Nintendo Switch Has The Potential For Pokémon Supremacy
The latest Nintendo console, the Nintendo Switch, has the potential to bring all the earlier Pokémon generations into one console experience for the first time. Pokémon Snap being added to the Expansion Pack’s N64 lineup could lead to Gen 1 and 2 games for Switch Online, but that hasn’t happened just yet. The Nintendo Switch concluded the sixth generation with side games, Let’s Go, Pikachu! and Let’s Go, Eevee! The 7th Gen games, Pokémon Shield and Sword were introduced as the first main-series Pokémon games for the Switch. Since then, there have been multiple spin-off games released on the console.
Nintendo also released the first game where players could be attacked by Pokémon with a story set definitively in the long-ago past on the Switch, Pokémon Legends: Arceus, marking the conclusion of the eighth generation. With the upcoming ninth generation, Pokémon Scarlet and Violet set to be the open-world Pokémon experience Legends: Arceus wasn’t. The Switch has the potential to break Pokémon into new territory by offering every main game on the same console for the first time ever, though it seems unlikely Nintendo will go through all the trouble.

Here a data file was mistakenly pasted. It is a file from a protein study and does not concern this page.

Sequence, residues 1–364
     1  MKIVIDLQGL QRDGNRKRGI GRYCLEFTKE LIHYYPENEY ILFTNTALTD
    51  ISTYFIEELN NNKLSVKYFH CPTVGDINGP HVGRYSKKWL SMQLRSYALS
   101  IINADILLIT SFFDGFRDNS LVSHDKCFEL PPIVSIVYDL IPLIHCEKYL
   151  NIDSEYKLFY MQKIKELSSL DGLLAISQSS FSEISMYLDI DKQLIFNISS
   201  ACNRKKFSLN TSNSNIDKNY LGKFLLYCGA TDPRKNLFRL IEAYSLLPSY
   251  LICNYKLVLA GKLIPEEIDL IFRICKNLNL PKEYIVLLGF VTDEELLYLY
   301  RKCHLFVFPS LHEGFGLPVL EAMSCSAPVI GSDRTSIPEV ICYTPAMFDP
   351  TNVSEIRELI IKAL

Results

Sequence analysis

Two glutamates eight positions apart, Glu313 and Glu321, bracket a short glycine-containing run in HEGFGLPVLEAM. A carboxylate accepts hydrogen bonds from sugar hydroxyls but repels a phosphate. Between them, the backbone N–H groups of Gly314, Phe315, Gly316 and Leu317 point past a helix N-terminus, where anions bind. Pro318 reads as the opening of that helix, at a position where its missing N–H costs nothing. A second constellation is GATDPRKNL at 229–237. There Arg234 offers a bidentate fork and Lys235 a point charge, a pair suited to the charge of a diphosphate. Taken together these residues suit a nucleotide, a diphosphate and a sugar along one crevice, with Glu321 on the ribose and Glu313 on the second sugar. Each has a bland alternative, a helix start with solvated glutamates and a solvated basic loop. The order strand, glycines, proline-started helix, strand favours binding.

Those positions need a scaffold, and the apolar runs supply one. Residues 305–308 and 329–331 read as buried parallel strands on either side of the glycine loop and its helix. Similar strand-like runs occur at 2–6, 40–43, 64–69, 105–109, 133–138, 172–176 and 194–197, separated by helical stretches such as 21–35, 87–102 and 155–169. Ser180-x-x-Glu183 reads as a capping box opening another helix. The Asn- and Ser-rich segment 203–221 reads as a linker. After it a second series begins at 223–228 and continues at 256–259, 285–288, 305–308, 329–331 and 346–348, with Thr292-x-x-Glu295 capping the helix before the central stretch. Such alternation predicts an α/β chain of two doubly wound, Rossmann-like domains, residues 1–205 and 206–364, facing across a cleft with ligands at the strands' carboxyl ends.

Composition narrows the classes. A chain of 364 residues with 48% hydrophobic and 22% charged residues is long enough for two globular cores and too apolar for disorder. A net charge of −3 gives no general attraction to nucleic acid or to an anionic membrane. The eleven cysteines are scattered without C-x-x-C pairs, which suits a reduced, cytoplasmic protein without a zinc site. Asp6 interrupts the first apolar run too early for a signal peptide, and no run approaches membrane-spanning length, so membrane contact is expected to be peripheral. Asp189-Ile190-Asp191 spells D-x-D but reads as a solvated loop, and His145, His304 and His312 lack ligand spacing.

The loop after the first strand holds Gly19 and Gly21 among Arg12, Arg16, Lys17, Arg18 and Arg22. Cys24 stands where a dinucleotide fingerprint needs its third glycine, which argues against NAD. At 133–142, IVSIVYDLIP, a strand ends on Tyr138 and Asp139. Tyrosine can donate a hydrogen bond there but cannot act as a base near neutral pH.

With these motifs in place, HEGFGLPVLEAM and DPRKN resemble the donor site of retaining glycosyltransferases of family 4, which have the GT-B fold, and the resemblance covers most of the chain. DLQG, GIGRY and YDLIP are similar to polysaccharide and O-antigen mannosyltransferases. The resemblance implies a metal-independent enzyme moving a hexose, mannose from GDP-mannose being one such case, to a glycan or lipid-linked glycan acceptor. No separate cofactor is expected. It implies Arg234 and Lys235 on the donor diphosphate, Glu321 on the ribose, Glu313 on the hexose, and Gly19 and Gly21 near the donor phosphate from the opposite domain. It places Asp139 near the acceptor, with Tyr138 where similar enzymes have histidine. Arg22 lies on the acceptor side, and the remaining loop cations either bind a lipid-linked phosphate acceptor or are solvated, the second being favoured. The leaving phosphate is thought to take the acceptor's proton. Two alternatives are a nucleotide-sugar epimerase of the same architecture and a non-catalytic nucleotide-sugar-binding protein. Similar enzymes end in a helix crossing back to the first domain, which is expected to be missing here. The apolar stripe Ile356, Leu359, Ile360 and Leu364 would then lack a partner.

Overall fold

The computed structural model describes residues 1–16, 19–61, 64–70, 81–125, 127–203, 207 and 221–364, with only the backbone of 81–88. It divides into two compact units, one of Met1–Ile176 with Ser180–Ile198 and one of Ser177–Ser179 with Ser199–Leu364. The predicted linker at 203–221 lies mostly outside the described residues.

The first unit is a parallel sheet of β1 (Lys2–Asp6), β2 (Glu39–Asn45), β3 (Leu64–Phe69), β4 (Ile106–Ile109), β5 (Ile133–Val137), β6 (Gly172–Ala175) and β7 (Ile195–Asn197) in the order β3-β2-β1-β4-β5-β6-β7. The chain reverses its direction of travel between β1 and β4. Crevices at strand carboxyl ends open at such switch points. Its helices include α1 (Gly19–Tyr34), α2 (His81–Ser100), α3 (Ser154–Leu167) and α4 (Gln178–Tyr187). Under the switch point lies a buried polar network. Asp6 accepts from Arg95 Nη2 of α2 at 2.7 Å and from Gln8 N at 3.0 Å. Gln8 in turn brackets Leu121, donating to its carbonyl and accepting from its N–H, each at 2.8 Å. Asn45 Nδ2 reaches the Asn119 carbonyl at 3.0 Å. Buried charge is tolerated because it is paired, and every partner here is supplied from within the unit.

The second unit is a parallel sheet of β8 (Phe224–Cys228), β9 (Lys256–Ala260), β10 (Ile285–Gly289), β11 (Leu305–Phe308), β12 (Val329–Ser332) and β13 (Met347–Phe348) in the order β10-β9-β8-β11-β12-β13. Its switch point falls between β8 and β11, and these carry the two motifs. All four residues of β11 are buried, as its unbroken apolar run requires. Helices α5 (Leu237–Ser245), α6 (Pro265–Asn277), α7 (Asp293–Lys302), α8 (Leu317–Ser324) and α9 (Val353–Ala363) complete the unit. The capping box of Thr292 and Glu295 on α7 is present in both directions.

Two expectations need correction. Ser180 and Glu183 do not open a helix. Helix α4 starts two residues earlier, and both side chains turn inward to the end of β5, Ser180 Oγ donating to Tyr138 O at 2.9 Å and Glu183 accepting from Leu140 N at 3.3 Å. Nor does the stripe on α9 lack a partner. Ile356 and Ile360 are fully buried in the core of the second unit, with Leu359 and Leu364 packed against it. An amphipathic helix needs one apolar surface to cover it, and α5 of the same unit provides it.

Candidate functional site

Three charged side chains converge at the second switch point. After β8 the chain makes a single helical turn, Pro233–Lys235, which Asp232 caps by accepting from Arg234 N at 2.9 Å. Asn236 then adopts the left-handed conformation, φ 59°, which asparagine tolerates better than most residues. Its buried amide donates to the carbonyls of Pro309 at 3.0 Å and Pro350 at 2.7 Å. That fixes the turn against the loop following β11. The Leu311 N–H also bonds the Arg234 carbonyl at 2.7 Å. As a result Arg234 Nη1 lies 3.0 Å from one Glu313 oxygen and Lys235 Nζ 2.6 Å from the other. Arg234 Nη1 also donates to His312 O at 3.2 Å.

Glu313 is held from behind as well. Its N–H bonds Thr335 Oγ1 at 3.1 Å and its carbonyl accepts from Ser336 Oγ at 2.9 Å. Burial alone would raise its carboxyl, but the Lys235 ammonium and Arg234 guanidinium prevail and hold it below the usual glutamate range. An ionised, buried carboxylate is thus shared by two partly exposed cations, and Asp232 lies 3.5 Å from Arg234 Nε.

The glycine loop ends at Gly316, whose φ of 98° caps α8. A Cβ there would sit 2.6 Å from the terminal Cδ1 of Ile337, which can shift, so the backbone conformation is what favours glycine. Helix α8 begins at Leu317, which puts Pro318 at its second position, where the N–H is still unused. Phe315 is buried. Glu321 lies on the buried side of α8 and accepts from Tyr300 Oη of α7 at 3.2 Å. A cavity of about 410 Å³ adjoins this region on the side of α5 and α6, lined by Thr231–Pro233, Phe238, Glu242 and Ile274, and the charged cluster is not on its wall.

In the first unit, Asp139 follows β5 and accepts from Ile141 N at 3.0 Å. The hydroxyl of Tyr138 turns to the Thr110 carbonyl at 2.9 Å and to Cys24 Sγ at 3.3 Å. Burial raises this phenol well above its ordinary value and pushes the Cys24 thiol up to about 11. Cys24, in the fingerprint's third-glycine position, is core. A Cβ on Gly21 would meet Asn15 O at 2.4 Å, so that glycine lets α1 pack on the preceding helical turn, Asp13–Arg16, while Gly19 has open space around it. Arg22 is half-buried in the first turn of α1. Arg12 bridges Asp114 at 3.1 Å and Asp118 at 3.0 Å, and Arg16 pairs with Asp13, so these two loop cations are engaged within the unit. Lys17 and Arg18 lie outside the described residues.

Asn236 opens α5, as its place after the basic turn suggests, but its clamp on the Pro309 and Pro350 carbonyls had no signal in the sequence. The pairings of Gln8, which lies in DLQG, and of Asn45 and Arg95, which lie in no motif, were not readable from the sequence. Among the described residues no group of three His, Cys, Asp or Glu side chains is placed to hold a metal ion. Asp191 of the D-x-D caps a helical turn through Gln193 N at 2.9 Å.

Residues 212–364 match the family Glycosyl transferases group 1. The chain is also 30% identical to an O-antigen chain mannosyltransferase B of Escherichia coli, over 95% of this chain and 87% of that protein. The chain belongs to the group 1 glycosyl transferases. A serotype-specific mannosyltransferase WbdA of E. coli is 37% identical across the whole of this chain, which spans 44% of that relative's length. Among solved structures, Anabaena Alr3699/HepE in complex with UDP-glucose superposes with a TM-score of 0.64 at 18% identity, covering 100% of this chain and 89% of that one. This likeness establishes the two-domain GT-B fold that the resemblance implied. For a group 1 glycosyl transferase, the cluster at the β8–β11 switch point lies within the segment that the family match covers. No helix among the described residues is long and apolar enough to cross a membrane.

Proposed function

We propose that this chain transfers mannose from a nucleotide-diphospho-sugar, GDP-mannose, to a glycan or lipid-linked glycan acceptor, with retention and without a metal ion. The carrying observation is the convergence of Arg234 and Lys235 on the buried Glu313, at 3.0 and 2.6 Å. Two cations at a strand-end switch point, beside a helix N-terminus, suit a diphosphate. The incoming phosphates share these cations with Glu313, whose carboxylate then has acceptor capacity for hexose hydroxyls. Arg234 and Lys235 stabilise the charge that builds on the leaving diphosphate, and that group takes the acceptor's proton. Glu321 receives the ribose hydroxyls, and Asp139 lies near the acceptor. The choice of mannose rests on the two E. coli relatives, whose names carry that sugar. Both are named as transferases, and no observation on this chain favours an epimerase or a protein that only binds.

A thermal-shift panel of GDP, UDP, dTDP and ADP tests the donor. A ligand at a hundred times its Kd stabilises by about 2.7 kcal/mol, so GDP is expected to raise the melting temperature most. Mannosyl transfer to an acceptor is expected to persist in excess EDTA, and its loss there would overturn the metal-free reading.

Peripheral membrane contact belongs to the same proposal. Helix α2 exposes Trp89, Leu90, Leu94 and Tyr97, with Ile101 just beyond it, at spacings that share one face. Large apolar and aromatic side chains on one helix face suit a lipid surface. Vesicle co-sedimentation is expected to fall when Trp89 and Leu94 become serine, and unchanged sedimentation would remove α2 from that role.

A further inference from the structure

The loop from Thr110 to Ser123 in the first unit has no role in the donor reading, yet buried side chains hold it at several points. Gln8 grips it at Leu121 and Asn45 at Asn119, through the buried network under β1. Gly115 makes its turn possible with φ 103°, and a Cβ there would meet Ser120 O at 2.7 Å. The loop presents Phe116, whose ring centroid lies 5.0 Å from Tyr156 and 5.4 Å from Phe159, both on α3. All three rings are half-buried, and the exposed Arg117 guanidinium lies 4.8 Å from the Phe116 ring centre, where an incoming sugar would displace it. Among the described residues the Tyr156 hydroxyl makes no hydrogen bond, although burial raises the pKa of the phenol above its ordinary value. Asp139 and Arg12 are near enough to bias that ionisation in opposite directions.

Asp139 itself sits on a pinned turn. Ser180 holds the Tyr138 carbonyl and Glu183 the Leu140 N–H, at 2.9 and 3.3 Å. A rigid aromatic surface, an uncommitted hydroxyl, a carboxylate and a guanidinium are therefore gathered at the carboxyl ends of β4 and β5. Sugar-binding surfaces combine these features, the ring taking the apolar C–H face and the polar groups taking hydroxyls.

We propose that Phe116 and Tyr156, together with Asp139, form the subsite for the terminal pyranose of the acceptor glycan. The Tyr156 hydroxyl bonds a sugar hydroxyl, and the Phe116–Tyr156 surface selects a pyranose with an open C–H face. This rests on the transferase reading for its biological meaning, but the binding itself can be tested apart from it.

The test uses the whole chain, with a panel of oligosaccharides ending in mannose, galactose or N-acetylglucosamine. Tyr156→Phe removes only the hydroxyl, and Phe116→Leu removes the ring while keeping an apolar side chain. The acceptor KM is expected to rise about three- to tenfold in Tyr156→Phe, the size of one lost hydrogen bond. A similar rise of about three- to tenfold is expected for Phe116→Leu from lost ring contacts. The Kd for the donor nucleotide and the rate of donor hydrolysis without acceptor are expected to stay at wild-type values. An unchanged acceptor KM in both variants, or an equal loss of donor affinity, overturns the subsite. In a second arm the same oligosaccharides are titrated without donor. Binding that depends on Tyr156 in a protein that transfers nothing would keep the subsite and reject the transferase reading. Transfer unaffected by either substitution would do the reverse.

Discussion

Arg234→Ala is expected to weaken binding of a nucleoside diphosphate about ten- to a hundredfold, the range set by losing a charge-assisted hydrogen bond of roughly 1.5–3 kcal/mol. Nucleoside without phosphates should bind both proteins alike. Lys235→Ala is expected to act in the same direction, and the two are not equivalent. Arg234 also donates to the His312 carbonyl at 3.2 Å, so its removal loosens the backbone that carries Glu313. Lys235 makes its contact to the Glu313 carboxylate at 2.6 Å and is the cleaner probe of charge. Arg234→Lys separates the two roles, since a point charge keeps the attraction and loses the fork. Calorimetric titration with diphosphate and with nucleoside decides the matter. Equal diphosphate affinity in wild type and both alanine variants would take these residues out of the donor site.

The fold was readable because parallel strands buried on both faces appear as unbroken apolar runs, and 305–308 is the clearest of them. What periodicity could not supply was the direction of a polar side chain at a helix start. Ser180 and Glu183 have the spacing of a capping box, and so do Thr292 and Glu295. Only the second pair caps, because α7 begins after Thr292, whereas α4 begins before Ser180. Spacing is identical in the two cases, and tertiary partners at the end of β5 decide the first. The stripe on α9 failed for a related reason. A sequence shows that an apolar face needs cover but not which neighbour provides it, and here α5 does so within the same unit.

The Wii U Has A Respectable Pokémon Game Lineup
Judging by the amount of Pokémon content for the Switch, it’s evident that Nintendo has learned from its mistake of underusing the Wii, and more specifically, the Wii U for Pokémon games. While the Wii U didn’t get any of its own core Pokémon games, it did get some spin-off games. Through the Virtual Console, the Wii U was compatible with the Wii rereleases of classic N64 games, Pokémon Snap and Super Smash Bros. which features Pokémon characters. The Wii U was an innovative console that didn’t get the chance it deserved for featuring Pokémon content. The Wii U is a console that featured many Pokémon spin-offs that deserve remakes, similar to the latest Switch edition of Pokémon Snap. Though it’s too late, the Wii U still deserves an honorable mention for what it contributed to Pokémon spin-off games.
With news that the Wii U and 3DS eShops will be closing in March 2023, now is the time for those interested in the earlier Pokémon games to purchase them. The eShop closures are closing is certainly disappointing, but there is room for the hope that Nintendo will start putting more effort into making the earlier Pokémon generations compatible with the Switch. Otherwise, the only option will be to purchase a CRT TV, retro consoles, such as the Nintendo 64 or the Game Boy Color, and either original or reproduced physical games. As exciting a prospect as that is, it’s not realistic for many people who don’t have the access or the resources to attain the retro systems. Though, it is worth trying just to see the Pokémon designs that looked better in classic games. Depending on the needs of an individual player, the Nintendo 3DS is the best option for the quantity of games and older generation exposure. However, the Nintendo Switch provides the highest quality graphics, and as the most advanced Nintendo console, will hopefully become the newest home for the earlier generations of Pokémon.